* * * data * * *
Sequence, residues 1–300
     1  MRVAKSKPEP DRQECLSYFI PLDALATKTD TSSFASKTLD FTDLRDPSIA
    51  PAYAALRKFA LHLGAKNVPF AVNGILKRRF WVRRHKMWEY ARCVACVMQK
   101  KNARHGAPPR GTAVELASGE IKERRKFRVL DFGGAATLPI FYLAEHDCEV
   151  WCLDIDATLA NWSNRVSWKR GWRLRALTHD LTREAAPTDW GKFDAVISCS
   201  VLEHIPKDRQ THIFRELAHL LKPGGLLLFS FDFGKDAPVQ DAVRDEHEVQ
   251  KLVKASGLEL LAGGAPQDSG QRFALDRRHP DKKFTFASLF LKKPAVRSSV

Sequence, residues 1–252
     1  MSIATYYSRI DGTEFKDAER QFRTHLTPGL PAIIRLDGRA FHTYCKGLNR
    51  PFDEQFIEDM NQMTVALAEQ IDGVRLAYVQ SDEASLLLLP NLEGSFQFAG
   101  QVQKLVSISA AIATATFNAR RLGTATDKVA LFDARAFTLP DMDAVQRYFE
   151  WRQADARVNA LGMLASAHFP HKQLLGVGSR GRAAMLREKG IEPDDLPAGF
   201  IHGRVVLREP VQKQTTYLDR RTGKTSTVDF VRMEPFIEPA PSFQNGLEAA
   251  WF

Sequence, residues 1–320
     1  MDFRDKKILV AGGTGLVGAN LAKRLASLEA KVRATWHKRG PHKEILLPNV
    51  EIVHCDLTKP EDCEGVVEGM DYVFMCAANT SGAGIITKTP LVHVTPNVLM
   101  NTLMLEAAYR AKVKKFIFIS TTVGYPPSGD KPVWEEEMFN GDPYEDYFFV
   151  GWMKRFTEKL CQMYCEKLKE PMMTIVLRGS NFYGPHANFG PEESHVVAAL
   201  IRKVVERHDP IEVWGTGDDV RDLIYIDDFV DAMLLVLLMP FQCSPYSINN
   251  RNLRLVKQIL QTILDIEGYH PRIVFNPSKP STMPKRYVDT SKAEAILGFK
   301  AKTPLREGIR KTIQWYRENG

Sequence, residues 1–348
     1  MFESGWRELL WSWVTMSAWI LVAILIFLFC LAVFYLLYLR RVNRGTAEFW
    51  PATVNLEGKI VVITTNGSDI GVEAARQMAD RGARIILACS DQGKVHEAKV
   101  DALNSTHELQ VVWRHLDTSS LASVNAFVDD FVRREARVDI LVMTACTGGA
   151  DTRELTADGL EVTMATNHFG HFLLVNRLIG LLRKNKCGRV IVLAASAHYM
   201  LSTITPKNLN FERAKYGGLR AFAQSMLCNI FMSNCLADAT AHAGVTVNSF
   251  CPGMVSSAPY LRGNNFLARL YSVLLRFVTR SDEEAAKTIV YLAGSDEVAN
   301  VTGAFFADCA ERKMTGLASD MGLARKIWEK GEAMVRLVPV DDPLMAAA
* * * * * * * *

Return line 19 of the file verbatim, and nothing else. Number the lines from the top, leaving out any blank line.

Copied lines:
   151  GWMKRFTEKL CQMYCEKLKE PMMTIVLRGS NFYGPHANFG PEESHVVAAL